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Most of the North American dinosaurs are known from Laramidia - the sub-continent western to the Western Interior Sea. From Appalachia, far less dinosaurs are known. However, looking at maps, Appalachia was bigger in area while Laramidia was a relatively narrow band stretching from Alaska to south Mexico.

Map from Wikipedia

Why there are more dinosaurs known from Laramidia and not from Appalachia?

I can think of several reasons:

  1. Laramidia had richer dinosaur fauna indeed. Then I ask: why?
  2. Discovery bias - West America has better sites for digging fossils: wide open badlands without obstructions such as forests and vast construction, which prevent digging.
  3. Preservation bias - Laramidia had better conditions for preserving fossils.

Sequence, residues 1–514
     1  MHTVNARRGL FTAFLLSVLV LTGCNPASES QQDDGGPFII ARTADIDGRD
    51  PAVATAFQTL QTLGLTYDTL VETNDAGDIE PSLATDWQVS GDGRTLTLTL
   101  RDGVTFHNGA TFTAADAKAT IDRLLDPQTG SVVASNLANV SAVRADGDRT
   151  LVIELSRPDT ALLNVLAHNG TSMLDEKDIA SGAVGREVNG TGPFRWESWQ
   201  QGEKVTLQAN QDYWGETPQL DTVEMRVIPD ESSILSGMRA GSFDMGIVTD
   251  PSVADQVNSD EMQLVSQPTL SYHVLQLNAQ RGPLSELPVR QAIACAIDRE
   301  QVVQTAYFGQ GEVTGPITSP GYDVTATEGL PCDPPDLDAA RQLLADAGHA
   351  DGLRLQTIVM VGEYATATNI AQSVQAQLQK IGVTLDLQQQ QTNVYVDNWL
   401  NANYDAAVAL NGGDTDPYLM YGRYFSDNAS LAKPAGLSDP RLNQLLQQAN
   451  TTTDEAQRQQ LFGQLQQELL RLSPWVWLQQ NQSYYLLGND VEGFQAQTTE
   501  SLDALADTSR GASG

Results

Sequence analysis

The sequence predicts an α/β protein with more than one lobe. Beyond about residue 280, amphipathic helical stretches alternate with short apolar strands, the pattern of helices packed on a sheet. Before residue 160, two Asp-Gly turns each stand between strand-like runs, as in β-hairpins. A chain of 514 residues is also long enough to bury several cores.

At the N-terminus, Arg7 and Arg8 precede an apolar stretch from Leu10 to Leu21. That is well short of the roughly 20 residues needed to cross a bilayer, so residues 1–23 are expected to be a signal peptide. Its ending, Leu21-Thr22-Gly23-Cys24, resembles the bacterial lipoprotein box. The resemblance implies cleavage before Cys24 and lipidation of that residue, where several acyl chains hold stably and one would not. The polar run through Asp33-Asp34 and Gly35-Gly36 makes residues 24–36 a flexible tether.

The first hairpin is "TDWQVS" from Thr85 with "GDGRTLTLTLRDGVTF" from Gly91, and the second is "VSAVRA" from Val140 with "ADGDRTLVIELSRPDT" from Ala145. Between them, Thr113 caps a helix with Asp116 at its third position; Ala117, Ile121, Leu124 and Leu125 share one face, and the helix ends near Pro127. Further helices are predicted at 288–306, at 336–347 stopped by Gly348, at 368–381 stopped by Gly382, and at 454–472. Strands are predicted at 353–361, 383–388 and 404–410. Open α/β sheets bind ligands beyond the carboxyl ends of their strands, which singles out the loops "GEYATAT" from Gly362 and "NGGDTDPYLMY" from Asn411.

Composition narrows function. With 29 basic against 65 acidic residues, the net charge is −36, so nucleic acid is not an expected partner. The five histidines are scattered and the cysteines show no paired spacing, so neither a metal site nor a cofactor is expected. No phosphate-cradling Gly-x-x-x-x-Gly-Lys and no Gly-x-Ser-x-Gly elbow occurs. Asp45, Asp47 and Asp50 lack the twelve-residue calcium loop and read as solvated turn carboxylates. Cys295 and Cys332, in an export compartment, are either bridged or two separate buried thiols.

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  • $\begingroup$ I'm no expert, but I think from my readings (possibly from reading Mark Jaffe's The Gilded Dinosaur) it's #2 almost entirely. $\endgroup$
    – bob1
    Commented Feb 14 at 21:52

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Its not, there are just more trees over Appalachia.

its easier to find fossil in dry climates which have more exposed bedrock and sedimentary rock. We find plenty of fossils in Appalachia just mostly in mines and other large scale excavation. Any place with little to no vegetation is best.

enter image description here

If you want to know why arid climates are better for finding fossils, there is an existing question about that.

https://earthscience.stackexchange.com/questions/13331/why-are-many-fossils-found-in-deserts/13337#13337

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